Association between waiting times and short term mortality and hospital admission after departure from emergency department: population based cohort study from Ontario, CanadaBMJ 2011; 342 doi: https://doi.org/10.1136/bmj.d2983 (Published 01 June 2011) Cite this as: BMJ 2011;342:d2983
- Astrid Guttmann, senior scientist1234,
- Michael J Schull, senior scientist and 2010-11 Commonwealth Fund Harkness fellow14567,
- Marian J Vermeulen, epidemiologist16,
- Therese A Stukel, senior scientist146
- 1Institute for Clinical Evaluative Sciences, Toronto, ON, Canada
- 2Divisions of Paediatric and Emergency Medicine, Hospital for Sick Children, Toronto
- 3Department of Paediatrics, University of Toronto, Toronto
- 4Department of Health Policy, Management and Evaluation, University of Toronto, Toronto
- 5Department of Emergency Services, Sunnybrook Health Sciences Centre, Toronto
- 6Clinical Epidemiology Unit, Sunnybrook Health Sciences Centre, Toronto
- 7Department of Medicine, University of Toronto, Toronto
- Correspondence to: A Guttmann, Institute for Clinical Evaluative Sciences, G-106, 2075 Bayview Ave, Toronto, ON, Canada M4N 3M5
- Accepted 28 March 2011
Objective To determine whether patients who are not admitted to hospital after attending an emergency department during shifts with long waiting times are at risk for adverse events.
Design Population based retrospective cohort study using health administrative databases.
Setting High volume emergency departments in Ontario, Canada, fiscal years 2003-7.
Participants All emergency department patients who were not admitted (seen and discharged; left without being seen).
Outcome measures Risk of adverse events (admission to hospital or death within seven days) adjusted for important characteristics of patients, shift, and hospital.
Results 13 934 542 patients were seen and discharged and 617 011 left without being seen. The risk of adverse events increased with the mean length of stay of similar patients in the same shift in the emergency department. For mean length of stay ≥6 v <1 hour the adjusted odds ratio (95% confidence interval) was 1.79 (1.24 to 2.59) for death and 1.95 (1.79 to 2.13) for admission in high acuity patients and 1.71 (1.25 to 2.35) for death and 1.66 (1.56 to 1.76) for admission in low acuity patients). Leaving without being seen was not associated with an increase in adverse events at the level of the patient or by annual rates of the hospital.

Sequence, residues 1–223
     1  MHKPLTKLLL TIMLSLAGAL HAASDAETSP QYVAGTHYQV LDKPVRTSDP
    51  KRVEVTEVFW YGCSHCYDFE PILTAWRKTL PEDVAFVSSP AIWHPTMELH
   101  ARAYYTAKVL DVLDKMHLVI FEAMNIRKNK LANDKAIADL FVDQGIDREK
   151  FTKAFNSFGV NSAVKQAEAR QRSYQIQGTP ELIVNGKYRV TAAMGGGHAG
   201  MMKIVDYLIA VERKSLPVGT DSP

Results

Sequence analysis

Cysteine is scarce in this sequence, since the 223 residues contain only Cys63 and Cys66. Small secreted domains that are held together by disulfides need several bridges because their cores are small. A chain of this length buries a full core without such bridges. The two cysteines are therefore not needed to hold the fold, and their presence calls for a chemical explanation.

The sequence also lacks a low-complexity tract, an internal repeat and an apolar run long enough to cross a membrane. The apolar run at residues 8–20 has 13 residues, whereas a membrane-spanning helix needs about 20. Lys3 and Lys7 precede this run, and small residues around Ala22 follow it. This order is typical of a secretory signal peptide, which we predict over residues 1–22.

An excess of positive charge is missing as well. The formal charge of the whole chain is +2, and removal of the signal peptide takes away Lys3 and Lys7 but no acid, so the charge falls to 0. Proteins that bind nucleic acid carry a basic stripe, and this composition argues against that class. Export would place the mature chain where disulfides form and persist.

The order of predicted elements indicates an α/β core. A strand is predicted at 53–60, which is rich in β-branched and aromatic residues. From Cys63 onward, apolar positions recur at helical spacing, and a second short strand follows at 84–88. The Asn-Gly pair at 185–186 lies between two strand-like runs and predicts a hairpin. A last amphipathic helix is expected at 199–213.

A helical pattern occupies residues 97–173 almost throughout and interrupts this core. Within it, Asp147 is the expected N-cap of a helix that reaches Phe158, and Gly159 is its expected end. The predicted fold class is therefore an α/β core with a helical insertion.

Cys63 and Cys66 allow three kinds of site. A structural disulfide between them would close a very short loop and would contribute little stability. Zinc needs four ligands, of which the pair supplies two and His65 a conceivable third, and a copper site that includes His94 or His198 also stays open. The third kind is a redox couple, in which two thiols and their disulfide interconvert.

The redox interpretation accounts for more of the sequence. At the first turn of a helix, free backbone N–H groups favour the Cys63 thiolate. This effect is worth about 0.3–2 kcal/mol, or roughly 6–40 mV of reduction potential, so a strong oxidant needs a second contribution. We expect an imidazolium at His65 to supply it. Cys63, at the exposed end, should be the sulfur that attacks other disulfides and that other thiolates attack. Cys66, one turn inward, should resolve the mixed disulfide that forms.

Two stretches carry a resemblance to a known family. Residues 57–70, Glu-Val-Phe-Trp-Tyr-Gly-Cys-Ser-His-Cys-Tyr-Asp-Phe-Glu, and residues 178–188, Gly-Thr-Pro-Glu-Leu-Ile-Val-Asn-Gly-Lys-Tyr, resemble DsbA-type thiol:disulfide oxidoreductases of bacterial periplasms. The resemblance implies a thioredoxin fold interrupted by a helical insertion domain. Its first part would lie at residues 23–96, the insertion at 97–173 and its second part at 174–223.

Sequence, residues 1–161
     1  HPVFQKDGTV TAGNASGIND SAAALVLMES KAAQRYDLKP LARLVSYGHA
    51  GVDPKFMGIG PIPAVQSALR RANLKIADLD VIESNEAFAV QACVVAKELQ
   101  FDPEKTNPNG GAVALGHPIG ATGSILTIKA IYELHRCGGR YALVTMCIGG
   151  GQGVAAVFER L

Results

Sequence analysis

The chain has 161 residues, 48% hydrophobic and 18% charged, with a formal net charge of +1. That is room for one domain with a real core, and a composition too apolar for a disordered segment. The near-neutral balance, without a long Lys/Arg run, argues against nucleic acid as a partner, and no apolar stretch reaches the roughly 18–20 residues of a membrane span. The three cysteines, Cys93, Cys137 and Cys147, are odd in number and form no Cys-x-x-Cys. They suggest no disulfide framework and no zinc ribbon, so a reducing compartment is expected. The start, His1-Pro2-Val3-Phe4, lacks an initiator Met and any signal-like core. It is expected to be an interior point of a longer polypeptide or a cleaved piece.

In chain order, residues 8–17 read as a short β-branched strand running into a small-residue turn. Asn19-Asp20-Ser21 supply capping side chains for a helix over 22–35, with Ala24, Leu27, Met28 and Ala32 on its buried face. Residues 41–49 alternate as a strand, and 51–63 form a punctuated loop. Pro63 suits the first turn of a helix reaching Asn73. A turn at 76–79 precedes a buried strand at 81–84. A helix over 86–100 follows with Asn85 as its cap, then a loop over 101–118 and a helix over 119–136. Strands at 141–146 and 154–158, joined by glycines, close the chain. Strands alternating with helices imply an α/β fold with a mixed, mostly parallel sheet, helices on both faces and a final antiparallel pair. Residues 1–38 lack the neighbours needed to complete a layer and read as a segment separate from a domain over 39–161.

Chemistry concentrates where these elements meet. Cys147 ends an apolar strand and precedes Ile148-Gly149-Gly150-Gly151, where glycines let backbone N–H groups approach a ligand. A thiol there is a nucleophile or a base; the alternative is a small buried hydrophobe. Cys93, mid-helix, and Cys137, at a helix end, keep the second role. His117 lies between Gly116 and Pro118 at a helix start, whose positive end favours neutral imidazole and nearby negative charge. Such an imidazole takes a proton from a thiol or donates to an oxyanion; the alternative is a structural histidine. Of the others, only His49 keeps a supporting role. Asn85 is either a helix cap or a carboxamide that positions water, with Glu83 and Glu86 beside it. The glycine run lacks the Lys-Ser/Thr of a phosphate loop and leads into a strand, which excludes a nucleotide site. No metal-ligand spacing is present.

Conclusions Presenting to an emergency department during shifts with longer waiting times, reflected in longer mean length of stay, is associated with a greater risk in the short term of death and admission to hospital in patients who are well enough to leave the department. Patients who leave without being seen are not at higher risk of short term adverse events.
We thank Kinwah Fung for help with the data analysis and Joel Ray for help in preparing the manuscript.
Contributors: AG was responsible for conception, design, analysis, funding, interpretation, drafting of article, and critical revision. MS and TS were involved in design, analysis, interpretation, and critical revision. MV was responsible for design, analysis, interpretation, drafting of article, and critical revision. AG is guarantor. All authors had full access to the data and take responsibility for its integrity and the accuracy of the analysis.
Funding: This study was supported by a grant from the Ontario Ministry of Health and Long Term Care and by the Institute for Clinical Evaluative Sciences, which is funded by an annual grant from the Ministry of Health and Long Term Care. The funding source had no involvement in the study design, analysis, interpretation or decision to submit this work.
Competing interests: All authors have completed the Unified Competing Interest form at www.icmje.org/coi_disclosure.pdf (available on request from the corresponding author) and declare: AG received financial support from the Ontario Ministry of Health and Long Term Care for the submitted work and she and MS receive salary support from the Canadian Institute for Health Research; the authors have no financial relationships with any organizations that might have an interest in the submitted work in the previous 3 years; no other relationships or activities that could appear to have influenced the submitted work.
Ethical approval: This study was approved by the research ethics board of Sunnybrook Health Sciences Centre.
Data sharing: The technical appendix, dataset creation plan/protocol and statistical code are available from the corresponding author at.
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